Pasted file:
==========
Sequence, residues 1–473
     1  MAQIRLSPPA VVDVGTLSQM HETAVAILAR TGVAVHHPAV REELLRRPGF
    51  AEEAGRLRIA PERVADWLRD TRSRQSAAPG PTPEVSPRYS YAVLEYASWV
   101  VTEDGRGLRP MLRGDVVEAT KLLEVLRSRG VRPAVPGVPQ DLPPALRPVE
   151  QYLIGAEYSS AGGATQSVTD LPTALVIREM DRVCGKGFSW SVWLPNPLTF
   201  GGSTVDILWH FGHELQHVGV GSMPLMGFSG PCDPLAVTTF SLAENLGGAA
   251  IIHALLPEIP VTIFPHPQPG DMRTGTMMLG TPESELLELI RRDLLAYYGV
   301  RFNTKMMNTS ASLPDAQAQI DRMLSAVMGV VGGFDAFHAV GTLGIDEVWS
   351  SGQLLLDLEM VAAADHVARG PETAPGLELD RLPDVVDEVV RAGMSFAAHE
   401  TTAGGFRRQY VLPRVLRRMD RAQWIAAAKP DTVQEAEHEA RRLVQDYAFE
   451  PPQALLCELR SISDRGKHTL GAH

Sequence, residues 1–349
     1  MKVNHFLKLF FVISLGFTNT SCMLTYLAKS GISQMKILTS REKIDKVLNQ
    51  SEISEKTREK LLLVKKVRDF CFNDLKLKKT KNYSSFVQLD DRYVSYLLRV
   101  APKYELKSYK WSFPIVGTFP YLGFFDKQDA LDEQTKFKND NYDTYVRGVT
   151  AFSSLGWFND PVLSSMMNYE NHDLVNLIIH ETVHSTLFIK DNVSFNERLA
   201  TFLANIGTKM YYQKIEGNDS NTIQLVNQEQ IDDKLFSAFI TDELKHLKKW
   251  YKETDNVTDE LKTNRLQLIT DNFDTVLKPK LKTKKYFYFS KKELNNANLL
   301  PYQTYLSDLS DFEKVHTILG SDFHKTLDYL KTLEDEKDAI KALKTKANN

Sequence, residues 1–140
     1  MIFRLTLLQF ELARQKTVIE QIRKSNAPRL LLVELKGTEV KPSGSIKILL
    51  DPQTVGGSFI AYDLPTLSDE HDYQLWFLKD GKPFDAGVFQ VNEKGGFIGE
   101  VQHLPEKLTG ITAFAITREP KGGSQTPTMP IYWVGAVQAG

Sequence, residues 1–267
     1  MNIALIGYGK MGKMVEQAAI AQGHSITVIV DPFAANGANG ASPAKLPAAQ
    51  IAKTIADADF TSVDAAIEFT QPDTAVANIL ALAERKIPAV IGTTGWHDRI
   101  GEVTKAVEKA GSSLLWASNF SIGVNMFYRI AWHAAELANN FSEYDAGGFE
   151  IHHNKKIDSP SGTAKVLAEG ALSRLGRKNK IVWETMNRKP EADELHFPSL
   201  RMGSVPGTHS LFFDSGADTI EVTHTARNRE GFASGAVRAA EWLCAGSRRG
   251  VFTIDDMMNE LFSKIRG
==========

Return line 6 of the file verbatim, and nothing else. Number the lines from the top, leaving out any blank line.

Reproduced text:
   201  GGSTVDILWH FGHELQHVGV GSMPLMGFSG PCDPLAVTTF SLAENLGGAA